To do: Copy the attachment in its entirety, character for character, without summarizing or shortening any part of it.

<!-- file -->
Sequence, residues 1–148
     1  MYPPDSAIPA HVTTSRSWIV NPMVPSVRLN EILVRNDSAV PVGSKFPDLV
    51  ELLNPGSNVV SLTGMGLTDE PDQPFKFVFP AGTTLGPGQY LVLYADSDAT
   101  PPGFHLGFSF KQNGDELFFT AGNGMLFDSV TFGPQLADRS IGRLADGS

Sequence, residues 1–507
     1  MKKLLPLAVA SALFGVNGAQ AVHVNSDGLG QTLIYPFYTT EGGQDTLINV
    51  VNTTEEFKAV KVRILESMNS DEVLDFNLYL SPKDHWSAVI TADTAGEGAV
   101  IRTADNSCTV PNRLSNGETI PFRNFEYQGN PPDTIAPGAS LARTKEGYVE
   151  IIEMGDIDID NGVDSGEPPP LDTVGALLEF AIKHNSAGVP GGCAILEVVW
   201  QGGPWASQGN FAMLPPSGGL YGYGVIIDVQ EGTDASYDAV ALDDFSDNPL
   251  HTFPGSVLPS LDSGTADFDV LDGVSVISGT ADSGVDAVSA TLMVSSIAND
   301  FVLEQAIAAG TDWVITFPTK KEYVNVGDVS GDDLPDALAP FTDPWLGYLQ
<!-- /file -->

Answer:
Sequence, residues 1–148
     1  MYPPDSAIPA HVTTSRSWIV NPMVPSVRLN EILVRNDSAV PVGSKFPDLV
    51  ELLNPGSNVV SLTGMGLTDE PDQPFKFVFP AGTTLGPGQY LVLYADSDAT
   101  PPGFHLGFSF KQNGDELFFT AGNGMLFDSV TFGPQLADRS IGRLADGS

Sequence, residues 1–507
     1  MKKLLPLAVA SALFGVNGAQ AVHVNSDGLG QTLIYPFYTT EGGQDTLINV
    51  VNTTEEFKAV KVRILESMNS DEVLDFNLYL SPKDHWSAVI TADTAGEGAV
   101  IRTADNSCTV PNRLSNGETI PFRNFEYQGN PPDTIAPGAS LARTKEGYVE
   151  IIEMGDIDID NGVDSGEPPP LDTVGALLEF AIKHNSAGVP GGCAILEVVW
   201  QGGPWASQGN FAMLPPSGGL YGYGVIIDVQ EGTDASYDAV ALDDFSDNPL
   251  HTFPGSVLPS LDSGTADFDV LDGVSVISGT ADSGVDAVSA TLMVSSIAND
   301  FVLEQAIAAG TDWVITFPTK KEYVNVGDVS GDDLPDALAP FTDPWLGYLQ